Posts Tagged ‘Raymond Carver’
February 14, 2013 | by Timothy Leo Taranto
January 7, 2013 | by George Saunders
We loved Joel Lovell’s profile of George Saunders in yesterday’s Times Magazine. Lovell quotes generously from Saunders’s preface to the new edition of CivilWarLand in Bad Decline. By special arrangement with the publisher, we bring you the preface in full.
This book was written in the Rochester, New York, offices of Radian Corporation between 1989 and 1996, at a computer strategically located to maximize the number of steps a curious person (a boss, for example) would have to take to see that what was on the screen was not a technical report about groundwater contamination but a short story.
I had graduated from the Syracuse MFA program in 1988 and had been writing stories that owed everything to Ernest Hemingway and suffered for that. They were stern and minimal and tragic and had nothing to do whatsoever with the life I was living or, for that matter, any life I had ever lived.
We billed our hours, and I would respond to any disrespect toward my person by declaring (in my mind, always only in my mind): “Thanks, a-hole, your project has just funded a Saunders grant for the arts.” And, for an edit that could have been done in an hour, I would bill that program manager’s project an hour and a half, then use the liberated half hour to work on my book.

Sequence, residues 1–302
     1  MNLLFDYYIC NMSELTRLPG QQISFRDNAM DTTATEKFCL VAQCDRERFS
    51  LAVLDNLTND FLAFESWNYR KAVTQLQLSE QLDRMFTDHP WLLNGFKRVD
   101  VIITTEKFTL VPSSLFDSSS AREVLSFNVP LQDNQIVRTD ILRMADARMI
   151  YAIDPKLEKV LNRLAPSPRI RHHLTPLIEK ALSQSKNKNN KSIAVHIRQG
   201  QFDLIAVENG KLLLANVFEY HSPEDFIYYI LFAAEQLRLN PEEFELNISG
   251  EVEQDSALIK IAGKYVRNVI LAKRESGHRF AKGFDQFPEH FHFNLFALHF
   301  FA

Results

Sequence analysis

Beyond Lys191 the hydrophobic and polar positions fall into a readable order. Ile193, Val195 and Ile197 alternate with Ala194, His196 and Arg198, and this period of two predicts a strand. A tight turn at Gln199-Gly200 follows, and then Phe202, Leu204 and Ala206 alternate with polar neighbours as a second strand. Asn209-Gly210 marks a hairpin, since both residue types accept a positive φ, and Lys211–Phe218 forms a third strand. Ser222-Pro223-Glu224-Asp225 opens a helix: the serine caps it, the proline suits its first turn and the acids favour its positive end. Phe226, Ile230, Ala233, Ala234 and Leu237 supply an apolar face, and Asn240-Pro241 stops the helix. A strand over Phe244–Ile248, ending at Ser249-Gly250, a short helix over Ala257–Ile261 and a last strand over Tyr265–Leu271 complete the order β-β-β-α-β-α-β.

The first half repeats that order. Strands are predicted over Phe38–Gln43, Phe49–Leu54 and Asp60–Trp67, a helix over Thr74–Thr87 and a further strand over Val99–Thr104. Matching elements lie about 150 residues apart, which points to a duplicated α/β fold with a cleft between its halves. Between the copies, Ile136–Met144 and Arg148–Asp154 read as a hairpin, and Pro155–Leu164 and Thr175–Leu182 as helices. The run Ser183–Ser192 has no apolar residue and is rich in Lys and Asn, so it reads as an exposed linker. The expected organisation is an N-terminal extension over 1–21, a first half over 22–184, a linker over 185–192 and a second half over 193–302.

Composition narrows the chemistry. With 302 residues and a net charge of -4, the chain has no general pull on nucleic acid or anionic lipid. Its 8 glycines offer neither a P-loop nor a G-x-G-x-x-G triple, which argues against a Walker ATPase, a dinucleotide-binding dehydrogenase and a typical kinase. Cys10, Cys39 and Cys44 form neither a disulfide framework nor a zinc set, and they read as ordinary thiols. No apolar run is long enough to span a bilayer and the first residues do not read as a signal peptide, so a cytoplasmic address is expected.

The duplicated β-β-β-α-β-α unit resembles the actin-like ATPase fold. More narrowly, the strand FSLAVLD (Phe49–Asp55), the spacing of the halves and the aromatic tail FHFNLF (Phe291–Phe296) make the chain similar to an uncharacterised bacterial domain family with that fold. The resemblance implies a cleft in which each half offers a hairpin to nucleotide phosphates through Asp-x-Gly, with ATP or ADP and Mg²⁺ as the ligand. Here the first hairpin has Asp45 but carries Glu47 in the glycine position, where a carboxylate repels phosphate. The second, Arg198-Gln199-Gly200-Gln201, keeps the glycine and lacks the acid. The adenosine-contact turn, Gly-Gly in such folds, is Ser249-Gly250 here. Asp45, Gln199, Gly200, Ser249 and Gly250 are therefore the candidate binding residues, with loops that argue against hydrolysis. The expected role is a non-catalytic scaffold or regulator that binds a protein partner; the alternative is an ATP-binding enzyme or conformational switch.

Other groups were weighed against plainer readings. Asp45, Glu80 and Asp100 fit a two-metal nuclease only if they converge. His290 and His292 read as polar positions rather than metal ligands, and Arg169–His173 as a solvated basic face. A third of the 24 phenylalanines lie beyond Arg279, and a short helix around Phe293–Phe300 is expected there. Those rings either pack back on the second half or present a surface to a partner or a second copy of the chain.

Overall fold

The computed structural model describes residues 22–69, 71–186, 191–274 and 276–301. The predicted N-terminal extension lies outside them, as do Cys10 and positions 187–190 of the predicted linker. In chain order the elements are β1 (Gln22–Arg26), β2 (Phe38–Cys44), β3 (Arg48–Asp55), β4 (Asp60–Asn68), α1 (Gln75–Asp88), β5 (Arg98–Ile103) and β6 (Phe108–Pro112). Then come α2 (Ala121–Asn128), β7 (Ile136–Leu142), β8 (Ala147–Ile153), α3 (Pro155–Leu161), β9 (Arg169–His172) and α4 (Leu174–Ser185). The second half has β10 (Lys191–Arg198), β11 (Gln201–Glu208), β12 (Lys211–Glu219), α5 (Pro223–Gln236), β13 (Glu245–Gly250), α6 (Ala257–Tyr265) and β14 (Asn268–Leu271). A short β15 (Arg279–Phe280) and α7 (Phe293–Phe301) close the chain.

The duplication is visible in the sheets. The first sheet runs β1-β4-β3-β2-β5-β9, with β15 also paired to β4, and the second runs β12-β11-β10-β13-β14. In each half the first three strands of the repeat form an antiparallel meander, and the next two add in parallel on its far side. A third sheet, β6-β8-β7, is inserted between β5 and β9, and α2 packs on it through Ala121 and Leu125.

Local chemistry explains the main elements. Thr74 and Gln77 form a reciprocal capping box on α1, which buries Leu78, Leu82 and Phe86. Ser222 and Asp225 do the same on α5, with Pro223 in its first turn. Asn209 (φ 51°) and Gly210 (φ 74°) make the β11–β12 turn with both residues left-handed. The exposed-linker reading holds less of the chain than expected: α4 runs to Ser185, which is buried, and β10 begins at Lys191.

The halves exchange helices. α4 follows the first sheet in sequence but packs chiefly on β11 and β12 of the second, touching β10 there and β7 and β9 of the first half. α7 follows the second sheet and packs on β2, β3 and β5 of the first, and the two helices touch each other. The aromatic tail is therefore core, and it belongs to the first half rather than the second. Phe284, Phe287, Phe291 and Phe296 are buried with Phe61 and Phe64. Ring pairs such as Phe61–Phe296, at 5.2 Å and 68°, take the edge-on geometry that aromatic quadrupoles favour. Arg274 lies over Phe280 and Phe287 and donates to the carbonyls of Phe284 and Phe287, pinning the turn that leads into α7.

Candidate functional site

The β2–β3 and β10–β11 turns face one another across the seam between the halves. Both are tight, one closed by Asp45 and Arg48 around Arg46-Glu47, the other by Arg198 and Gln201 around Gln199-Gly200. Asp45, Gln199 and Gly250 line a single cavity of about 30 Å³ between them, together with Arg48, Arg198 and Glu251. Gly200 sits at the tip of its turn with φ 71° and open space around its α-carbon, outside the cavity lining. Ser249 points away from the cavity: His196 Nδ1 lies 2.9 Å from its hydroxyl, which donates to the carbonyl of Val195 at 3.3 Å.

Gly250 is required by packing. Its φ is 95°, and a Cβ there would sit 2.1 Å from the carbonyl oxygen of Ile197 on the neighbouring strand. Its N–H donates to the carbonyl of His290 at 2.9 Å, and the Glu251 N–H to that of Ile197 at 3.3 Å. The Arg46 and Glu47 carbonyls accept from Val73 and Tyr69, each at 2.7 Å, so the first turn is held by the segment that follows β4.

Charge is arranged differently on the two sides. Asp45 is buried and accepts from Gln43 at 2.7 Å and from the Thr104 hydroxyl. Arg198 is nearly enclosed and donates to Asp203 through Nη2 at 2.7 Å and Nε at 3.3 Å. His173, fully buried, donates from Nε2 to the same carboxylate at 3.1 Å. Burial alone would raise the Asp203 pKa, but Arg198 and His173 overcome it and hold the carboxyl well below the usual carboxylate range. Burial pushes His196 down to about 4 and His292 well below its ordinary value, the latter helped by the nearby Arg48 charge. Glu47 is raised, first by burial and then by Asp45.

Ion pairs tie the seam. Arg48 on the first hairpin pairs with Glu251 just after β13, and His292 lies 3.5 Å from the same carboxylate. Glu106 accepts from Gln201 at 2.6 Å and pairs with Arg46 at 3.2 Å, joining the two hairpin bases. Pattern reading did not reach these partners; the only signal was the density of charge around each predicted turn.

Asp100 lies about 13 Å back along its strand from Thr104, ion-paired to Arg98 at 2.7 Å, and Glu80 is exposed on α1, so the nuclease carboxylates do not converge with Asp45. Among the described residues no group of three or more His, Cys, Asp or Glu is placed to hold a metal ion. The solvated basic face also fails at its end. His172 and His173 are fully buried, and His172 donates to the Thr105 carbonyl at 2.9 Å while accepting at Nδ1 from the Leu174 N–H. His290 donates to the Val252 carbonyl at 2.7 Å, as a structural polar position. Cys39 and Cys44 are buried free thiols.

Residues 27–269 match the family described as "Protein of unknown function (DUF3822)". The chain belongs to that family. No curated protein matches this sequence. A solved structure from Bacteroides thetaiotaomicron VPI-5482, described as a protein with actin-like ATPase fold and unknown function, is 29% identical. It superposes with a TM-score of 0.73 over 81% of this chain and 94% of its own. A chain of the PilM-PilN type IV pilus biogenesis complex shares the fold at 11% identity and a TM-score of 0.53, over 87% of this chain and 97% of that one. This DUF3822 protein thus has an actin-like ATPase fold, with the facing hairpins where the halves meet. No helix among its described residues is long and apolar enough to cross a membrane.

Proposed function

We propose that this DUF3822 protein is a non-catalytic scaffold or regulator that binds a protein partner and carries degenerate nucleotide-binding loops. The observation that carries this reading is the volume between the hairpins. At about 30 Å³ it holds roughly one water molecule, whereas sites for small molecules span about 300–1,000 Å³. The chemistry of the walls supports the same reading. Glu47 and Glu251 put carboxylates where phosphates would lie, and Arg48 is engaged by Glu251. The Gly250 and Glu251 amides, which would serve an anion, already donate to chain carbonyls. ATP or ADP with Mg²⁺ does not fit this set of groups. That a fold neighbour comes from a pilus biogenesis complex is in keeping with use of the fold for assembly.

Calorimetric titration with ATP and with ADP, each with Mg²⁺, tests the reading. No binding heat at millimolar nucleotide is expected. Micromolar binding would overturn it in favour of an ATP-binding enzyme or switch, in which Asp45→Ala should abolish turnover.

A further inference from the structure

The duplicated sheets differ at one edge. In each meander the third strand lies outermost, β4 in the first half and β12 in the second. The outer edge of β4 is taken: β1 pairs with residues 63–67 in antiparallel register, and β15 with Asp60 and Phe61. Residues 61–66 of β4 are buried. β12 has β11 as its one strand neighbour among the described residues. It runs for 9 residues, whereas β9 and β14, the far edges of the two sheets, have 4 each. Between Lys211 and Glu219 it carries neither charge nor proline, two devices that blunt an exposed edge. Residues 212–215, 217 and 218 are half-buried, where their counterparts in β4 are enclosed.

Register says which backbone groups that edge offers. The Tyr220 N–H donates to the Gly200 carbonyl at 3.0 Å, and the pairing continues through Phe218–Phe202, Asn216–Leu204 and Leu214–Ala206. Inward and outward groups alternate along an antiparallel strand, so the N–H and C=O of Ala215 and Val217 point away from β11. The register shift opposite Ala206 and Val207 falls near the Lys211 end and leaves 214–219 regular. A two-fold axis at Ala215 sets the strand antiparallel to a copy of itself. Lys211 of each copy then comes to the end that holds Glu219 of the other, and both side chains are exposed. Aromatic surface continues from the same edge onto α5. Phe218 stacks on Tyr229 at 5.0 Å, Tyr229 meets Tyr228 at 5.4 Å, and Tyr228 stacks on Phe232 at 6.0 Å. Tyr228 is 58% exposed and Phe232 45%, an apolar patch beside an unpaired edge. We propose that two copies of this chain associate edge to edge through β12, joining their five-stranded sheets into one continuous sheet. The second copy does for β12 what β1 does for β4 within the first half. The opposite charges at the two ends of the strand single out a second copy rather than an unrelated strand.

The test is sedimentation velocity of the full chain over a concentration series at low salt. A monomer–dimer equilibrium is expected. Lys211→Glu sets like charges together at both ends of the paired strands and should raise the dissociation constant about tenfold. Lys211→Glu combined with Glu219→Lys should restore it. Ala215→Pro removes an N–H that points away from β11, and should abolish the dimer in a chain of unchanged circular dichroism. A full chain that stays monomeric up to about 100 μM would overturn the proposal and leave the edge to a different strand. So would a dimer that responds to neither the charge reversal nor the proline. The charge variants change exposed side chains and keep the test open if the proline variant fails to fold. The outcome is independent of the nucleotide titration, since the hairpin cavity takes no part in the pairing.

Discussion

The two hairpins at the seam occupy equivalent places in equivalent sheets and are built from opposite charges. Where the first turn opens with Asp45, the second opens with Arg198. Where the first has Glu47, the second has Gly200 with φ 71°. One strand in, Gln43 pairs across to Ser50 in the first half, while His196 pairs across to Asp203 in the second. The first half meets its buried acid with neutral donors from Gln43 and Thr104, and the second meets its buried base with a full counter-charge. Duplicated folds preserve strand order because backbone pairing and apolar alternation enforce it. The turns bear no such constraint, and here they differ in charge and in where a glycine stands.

December 14, 2012 | by The Paris Review
When I asked my college advisor how I could learn to write dialogue like Raymond Carver, he told me to study a real master: John O’Hara. Naturally this kept me from reading O’Hara's novels for twenty years. Then last week I picked up Butterfield 8, the 1935 story of a young woman who steals a fur coat after a one-night stand. Rarely has such a good book had such a bad ending. If not for the last ten pages, you’d have to call it a great book, with an unforgettable heroine, frank insights into sex and sexual abuse, a vivid picture of New York during Prohibition, and panning shots that prefigure William Gaddis. (Yes, great dialogue too.) —Lorin Stein